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Archive for the ‘race/anti-racism’ Category

All They Want Is My Money My Pussy My Blood

I am free with the following conditions.

Give it up gimme gimme.

Okay so I’m Black in America right and I walk into a bar.

I drink a lot of wine and kiss a Black man on his beard.

I do whatever I want because I could die any minute.

I don’t mean YOLO I mean they are hunting me.

I know my pussy is real good because they said so.

I say to my friend I am broke as a joke.

I am Starvin’ Like Marvin Gaye.

I’m so hungry I could get it on.

There’s far too many of me dying.

The present is not so different.

Everybody looks like everybody I worked with.

Everybody looks like everybody I’ve kissed.

Men champion men and animals.

Everybody thinks I’m going to die.

At the museum I tell the school group about Black art.

I tell them the word contemporary.

I have a nose ring I forget about.

I have a brother and he is also Black.

I am a little modern to the fault.

I say this painting is contemporary like you and me.

They ask me about slavery. They say Martin Luther King.

At school they learned that Black people happened.

The present is not so different.

I’m looking into their Black faces.

They do not understand that they exist.

I’m Black in America and I walk

into a bar and drink a lot of wine, kiss a white man on his beard.

There is no indictment.

I could die any minute of depression.

I just want to have sex most of the time.

I just want my student loans to disappear.

I just want to understand my savings account.

What is happening to my five dollar one cent.

I am free with the following conditions.

What is happening to my brother.

What if I do something wrong.

My blood is so hot and wet right now.

I know they want it.

I do everything right just incase.

I don’t want to give away my money but here I am.

It’s so stupid I have to say here I am.

They like to be on top.

I am being set up.

I am a tree and some fruits are good and some are bad.

– Morgan Parker

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Y’all I’m really struggling with this attempt to displace vaginas from feminist conversations. Honestly, I don’t think this is the move.

Here’s the thing: feminism taught me to love my vagina. (Hip Hop) Feminism gave me the courage to use the word “pussy,” when I need to make requests in the bedroom. (Cues Missy E.) But feminism a la bell hooks also taught me about the historical politics of “selling hot pussy.” Feminism taught me years ago not to feel embarrassed about telling y’all a period story and gave me the structural analysis to think about why we ask women and girls and all people who have periods to hide them or feel shame about them. Even in 2017, I still have to walk into women’s and gender studies classrooms and tell my intro students about the historical reasons for period shame. Their faces still turn beet red – all of them.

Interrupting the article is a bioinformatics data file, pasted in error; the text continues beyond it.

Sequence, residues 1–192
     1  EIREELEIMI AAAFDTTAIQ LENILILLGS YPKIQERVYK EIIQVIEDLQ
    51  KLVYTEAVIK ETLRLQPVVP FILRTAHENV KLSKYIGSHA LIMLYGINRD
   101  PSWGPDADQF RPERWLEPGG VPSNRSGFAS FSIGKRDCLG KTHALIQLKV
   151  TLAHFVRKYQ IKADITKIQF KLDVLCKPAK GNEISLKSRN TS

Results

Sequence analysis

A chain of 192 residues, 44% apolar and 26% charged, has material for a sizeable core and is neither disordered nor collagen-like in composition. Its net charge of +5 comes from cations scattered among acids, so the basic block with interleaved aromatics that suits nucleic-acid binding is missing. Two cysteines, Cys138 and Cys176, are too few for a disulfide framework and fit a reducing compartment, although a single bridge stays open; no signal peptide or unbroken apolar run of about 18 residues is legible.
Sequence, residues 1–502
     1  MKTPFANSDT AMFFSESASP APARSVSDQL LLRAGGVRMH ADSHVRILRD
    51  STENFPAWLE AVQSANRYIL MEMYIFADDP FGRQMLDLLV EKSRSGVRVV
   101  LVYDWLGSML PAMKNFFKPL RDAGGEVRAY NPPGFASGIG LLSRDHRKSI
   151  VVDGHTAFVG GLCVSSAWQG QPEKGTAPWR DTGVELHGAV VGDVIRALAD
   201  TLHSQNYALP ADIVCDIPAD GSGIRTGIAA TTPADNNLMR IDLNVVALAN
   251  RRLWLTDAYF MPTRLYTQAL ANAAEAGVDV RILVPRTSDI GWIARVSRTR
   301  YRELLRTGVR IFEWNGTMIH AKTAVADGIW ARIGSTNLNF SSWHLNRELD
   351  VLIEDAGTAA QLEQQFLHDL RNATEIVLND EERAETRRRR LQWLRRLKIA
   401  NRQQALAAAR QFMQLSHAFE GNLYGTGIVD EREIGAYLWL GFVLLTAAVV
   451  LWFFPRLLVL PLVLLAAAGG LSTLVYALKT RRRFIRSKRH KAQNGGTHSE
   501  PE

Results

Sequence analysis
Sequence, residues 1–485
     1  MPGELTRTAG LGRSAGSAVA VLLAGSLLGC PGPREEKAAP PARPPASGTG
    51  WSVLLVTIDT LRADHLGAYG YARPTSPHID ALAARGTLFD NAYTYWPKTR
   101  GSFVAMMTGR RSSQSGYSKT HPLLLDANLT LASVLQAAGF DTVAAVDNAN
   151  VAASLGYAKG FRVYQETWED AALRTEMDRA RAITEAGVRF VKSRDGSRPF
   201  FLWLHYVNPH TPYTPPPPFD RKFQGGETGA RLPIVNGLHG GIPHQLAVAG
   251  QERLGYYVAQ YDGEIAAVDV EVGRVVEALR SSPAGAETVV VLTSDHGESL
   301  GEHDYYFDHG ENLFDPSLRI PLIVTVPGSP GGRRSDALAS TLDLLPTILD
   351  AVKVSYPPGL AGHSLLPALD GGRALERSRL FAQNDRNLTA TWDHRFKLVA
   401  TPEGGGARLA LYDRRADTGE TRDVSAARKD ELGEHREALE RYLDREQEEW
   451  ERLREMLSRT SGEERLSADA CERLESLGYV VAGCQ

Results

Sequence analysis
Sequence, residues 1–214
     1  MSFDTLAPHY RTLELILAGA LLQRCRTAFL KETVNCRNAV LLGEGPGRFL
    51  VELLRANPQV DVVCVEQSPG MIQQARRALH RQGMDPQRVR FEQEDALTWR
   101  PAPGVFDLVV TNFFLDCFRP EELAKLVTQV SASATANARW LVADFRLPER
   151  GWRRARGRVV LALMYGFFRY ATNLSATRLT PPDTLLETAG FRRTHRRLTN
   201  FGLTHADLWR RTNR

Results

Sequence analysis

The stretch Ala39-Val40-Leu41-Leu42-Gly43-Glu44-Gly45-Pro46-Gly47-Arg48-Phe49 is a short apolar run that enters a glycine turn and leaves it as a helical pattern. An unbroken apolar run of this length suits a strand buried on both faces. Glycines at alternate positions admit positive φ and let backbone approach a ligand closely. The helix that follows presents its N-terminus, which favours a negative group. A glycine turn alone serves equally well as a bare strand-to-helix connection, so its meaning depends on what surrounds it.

But also: we live in a world that doesn’t love vaginas. Vaginas are structurally maligned, and considered the property of men. Just ask your new president. Let us not forget the transvaginal ultrasound fiasco of a 5 years ago, when several states tried to make it legal to put a phallic like ultrasound probe into a woman’s vagina against her will. In a hierarchy of genitalia, penises are chief. Vaginas are near the bottom. And then the genitalia that intersex people have labor and languish in epistemic obscurity, by which I mean, that up until only the last few decades or so, science chose not even to acknowledge that penises and vaginas aren’t the only configurations of genitals that exist.

When I think about what it would mean to build a Black feminist framework which decenters the pussy, it gives me pause. The call is of course to decenter cisgender Black women from Black feminist frameworks. Again, this move, and the ways in which, in far left social justice spaces, such moves are assumed to be a clear mandate, a clearly desirable end of our politics, gives me pause.

From The Crunk Feminist Collective with “Pussy Don’t Fail Me Now: The place of vaginas in black feminist theory & organizing”.

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This is wonderful writing by Chiwan Choi in the Cultural Weekly, “Whiteness isn’t intellectualism. Whiteness isn’t indigenous. Whiteness isn’t anything”.

He wanted to talk to me about a problem that LARB was having. A diversity problem, by which it means a lack of diversity. He said he was told I was a person to talk to to help solve this problem, to fix this shortcoming.

But the thing is, he said they didn’t really have a diversity problem. According to Tom, people were mistaking LARB for a publication with diversity problems.

He knew this because he had gone to the Authors page on LARB’s website and counted all the faces that weren’t white. The non-white faces. Or faces that were not white white. Ya know? That’s how he was sure it was just some perception problem because he counted many not white white faces.